Hurricane Season Isn't Over

By Chris Mooney | October 31, 2010 9:16 am

600px-Hurricane_Tomas_2010-10-30_1429ZEven though we haven’t really felt it in the United States, it has been a hell of an Atlantic hurricane season. 19 named storms, 12 hurricanes–and now the latest, Category 2 Tomas, seems like it may become very intense in the Caribbean. Some notes on Tomas from Jeff Masters:

Tomas’ formation ties 2010 with 1995 and 1887 for 3rd place for most number of named storms in an Atlantic hurricane season. Only 2005 (28 named storms) and 1933 (21 named storms) were busier. Atlantic hurricane records go back to 1851, though there were likely many missed named storms prior to the beginning of satellite coverage in the mid-1960s. The intensification of Shary and Tomas into hurricanes… brings the total number of hurricanes this season to twelve, tying 2010 with 1969 and 1887 for second place for most hurricanes in a season. The record is held by 2005 with fifteen hurricanes, and I don’t think we’ll beat that record this year!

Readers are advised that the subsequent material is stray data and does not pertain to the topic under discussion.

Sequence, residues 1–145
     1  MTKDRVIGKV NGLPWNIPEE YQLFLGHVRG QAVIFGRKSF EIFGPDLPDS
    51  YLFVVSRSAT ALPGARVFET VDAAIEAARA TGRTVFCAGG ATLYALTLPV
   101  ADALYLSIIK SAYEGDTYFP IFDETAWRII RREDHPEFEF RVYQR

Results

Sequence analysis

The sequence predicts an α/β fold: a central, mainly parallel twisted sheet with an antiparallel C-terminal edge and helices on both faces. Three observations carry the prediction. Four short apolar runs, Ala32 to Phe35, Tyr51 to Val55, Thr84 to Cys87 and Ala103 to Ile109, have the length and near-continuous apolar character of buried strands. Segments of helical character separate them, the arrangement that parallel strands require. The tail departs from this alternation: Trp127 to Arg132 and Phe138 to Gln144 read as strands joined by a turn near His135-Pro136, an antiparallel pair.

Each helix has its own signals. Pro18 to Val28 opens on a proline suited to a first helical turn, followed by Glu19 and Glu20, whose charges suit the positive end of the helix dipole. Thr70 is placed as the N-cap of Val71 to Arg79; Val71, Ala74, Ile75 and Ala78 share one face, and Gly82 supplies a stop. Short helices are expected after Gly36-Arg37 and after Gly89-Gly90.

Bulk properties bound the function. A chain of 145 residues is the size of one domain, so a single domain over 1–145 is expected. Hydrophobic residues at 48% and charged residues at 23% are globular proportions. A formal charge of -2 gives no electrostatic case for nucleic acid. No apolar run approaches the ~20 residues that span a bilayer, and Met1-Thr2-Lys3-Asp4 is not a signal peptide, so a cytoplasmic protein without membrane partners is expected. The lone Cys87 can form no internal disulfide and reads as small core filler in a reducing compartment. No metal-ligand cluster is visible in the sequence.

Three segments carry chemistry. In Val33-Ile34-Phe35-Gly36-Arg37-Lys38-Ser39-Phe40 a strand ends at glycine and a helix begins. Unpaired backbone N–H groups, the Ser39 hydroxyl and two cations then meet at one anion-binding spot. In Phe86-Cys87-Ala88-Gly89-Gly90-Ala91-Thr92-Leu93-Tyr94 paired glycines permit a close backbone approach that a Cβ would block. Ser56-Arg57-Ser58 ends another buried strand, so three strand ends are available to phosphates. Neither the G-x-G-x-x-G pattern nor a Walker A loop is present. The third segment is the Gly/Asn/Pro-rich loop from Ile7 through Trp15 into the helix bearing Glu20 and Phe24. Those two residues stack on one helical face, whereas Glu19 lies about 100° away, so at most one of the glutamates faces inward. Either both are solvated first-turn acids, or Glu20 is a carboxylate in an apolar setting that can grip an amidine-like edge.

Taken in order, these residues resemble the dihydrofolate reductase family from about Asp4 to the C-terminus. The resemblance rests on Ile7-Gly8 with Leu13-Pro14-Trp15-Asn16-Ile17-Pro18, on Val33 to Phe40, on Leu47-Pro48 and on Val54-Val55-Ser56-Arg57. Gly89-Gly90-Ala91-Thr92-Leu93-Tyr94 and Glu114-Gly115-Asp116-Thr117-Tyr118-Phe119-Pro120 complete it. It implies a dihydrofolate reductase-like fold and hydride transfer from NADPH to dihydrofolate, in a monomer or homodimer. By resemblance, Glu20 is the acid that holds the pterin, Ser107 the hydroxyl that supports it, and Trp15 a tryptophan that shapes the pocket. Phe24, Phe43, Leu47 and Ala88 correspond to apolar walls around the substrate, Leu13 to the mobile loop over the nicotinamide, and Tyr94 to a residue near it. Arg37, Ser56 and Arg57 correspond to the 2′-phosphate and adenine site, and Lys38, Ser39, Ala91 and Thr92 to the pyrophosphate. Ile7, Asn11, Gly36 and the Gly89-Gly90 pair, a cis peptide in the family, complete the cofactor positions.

The formation of Tomas so far south and east this late in the season is unprecedented in the historical record; no named storm has ever been present east of the Lesser Antilles (61.5°W) and south of 12°N latitude so late in the year…

But hey, water temperatures are at a record warmth–so what do you expect? Marc Morano a few days ago made hay of the fact that no hurricanes have hit the US this year, but big deal. It has been extremely busy nonetheless, and of course this has much to do with the very warm ocean out there.

Comments (8)

  1. ChH

    “water temperatures are at a record warmth”